Are dating preferences wrong
Collectively, it’s as if these articles are a plea to white/cis/able-bodied people, made in hopes that simply telling them how they are racist/transphobic/ableist will force them to stop being who they are.
These articles, as well-reasoned and intentioned as they usually are (I have long acknowledged that if your politics end at your bedroom door, they’re not your politics) rely on the premise that white/able-bodied/cis people have no idea that they are racist, ableist or transphobic.
Zuckerberg, as well as Chris Cox, Facebook’s chief product officer, stressed that the feature is designed to spark meaningful connections—not help you find your next hookup.
But the reality is even Facebook doesn’t know yet how it will be widely used, if at all.
I just also know that they are rewarded for choosing to do nothing about their racist thoughts and desires, and so I expect nothing more.
Similarly, I know that before I committed to unpacking my own participation in fatphobic violence, for instance, I made excuses for the things I did to contribute to it.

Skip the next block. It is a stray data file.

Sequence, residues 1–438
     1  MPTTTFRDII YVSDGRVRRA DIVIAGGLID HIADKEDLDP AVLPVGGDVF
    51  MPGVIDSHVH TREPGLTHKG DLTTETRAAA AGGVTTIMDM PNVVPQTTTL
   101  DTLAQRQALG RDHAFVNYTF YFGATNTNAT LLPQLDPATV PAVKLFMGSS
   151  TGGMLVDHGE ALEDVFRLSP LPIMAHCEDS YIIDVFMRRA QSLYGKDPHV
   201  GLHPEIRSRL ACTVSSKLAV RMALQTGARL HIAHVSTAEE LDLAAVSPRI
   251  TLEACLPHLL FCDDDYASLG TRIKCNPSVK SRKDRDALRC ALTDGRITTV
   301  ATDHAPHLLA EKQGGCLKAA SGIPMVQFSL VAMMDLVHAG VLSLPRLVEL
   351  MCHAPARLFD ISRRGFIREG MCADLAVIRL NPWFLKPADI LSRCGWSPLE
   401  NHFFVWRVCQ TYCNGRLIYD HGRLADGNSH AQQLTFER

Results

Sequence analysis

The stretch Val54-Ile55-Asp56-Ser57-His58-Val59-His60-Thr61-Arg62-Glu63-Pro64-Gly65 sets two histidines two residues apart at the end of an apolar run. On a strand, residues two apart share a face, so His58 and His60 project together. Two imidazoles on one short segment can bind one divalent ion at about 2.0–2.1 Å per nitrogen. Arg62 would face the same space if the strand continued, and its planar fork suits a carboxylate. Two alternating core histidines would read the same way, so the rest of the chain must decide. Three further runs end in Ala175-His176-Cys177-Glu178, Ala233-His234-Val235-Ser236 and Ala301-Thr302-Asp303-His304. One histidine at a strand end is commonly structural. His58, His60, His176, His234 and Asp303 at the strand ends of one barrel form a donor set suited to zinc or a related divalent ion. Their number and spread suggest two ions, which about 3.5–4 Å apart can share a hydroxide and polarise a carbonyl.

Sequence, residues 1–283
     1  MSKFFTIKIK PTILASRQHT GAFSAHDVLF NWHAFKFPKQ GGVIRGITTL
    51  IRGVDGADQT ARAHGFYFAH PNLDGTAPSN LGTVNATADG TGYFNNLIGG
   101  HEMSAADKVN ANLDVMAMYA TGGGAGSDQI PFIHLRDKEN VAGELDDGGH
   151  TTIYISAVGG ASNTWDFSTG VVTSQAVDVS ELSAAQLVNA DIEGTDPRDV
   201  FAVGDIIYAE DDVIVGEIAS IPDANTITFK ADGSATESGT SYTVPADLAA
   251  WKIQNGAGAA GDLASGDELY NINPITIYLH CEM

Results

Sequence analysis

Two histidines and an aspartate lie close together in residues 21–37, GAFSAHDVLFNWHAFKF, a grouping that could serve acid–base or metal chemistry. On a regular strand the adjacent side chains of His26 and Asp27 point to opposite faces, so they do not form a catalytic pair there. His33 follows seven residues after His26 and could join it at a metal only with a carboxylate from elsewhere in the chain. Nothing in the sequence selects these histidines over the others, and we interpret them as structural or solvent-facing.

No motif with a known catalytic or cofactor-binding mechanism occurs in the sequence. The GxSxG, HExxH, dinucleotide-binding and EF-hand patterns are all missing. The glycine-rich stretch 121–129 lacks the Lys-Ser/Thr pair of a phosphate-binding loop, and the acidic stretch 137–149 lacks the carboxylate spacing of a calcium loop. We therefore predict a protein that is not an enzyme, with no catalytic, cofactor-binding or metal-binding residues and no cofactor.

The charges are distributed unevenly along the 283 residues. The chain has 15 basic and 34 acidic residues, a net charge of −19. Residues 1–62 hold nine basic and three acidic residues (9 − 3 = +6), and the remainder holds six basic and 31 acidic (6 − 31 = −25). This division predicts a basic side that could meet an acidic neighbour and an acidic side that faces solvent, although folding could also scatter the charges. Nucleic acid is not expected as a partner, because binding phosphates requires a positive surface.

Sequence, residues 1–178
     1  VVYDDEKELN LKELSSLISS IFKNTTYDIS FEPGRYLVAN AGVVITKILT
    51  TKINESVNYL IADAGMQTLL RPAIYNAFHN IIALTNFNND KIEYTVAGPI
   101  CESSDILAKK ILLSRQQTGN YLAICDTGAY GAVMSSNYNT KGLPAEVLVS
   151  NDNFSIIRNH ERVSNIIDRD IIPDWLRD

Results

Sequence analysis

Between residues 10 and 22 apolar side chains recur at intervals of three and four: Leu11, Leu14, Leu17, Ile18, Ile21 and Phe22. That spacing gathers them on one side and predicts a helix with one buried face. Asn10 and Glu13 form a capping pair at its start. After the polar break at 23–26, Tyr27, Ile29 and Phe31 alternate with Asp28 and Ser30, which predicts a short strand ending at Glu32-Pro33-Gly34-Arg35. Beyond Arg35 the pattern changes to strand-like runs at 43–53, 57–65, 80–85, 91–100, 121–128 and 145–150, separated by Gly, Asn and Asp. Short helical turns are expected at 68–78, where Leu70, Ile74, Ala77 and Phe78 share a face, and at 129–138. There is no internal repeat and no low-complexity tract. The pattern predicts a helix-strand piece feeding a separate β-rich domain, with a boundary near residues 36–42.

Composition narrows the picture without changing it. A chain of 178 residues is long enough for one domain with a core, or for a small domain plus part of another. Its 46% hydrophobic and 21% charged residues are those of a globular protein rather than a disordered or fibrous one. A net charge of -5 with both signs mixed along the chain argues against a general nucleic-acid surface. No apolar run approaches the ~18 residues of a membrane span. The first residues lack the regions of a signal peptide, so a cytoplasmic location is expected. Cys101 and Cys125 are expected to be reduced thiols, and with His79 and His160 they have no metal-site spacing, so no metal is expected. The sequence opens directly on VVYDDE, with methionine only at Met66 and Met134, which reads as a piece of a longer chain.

Even if the pleas underlying these articles were successful, getting a racist white person to finally date a Black person is no better than focusing on the problem of being racist.
I knew that I had issues with fat people long before I admitted that’s why I didn’t want to date them.
And the fact that people were engaging my “preferences” as if my way of thinking was valid enough to have to explain, slowly, over and over and over again, what I already knew, made not acknowledging my own fatphobia that much easier.
The scientific fact that whom and what you’re attracted to is political and influenced by society is indisputable, and putting it up for debate only encourages the same disingenuity I clung to for so long.
It’s hard not to immediately notice that Dating looks eerily similar to predominant existing dating apps, like Tinder, Hinge, and Bumble.
Which means that in one sense, Facebook is again looking for success through imitation.